Christine Stuart photo

After seeing the state’s new public campaign financing system at work during two special elections this past year, Minority Leader Lawrence Cafero said his caucus wants to see some changes.

Cafero’s first proposal would scale back the amount of money available to candidates based on when they qualify for money from the Citizens Election Fund, which is supported by taxpayer dollars.

In the race to replace former state Senator Louis DeLuca’s seat, the Democratic candidate Kenneth Curran qualified for the maximum contribution of $63,750, just 10 days before the election. According to campaign finance records Curran spent a majority of the money on seven mailers. The invoices for the mailers show he spent a total of $50,500. Click here to review the report.

Cafero failed to mention that Republican state Senator Robert Kane who won the election also qualified for the full $63,750 contribution. Cafero said he’s not implying the Curran did anything wrong by getting or spending the money, however, it just doesn’t seem right to give a candidate that much money to spend in such a short period of time. Cafero said he is proposing the amount be cut back based on the time a candidate qualifies for it.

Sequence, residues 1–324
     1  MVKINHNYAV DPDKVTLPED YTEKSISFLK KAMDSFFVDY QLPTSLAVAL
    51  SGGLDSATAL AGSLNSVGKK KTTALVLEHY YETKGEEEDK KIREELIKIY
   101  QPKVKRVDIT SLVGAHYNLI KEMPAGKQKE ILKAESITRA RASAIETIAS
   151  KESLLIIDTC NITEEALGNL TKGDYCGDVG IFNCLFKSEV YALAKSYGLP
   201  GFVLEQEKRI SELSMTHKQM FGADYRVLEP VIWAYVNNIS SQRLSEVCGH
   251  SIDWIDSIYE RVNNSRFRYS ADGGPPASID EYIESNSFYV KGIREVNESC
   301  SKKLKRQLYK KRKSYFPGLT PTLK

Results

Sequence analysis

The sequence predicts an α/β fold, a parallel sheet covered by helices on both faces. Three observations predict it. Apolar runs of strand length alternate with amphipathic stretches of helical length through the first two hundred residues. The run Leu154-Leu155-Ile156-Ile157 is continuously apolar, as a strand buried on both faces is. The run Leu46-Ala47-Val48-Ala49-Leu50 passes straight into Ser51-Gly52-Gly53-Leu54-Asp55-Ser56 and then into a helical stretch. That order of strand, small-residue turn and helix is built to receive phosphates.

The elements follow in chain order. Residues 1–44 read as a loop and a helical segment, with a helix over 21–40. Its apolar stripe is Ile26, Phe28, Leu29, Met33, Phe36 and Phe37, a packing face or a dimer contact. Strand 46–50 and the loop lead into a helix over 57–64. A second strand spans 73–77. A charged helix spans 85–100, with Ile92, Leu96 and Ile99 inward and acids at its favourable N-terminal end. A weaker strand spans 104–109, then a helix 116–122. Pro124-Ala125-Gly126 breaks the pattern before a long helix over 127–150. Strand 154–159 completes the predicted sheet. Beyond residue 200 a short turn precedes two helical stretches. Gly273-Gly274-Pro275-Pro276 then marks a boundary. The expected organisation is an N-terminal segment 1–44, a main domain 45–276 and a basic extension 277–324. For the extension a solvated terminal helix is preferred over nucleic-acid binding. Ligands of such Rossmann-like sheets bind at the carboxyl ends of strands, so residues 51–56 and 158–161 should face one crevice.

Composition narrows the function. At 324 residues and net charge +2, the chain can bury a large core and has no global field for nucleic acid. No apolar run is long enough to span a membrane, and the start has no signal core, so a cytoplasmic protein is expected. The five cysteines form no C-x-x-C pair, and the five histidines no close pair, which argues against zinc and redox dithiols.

At least two of the Republicans at the press conference Monday have already qualified for the Citizens Election Fund contribution for their upcoming campaigns. The legislature’s Government Administration and Elections Committee has raised this bill which would give the State Elections Enforcement Commission more power to investigate election law complaints and other technical changes. 

As far as ethics reform is concerned, Cafero said his caucus would like to see the state take back the pensions of lawmakers convicted of crimes, make it mandatory for lawmakers to report personal conflicts of interest, and make it unethical for lawmakers not to report a bribe.

And while Republicans refuse to support same day registration for voters, they want to provide greater access to absentee ballots by eliminating the restrictions voters have on requesting one.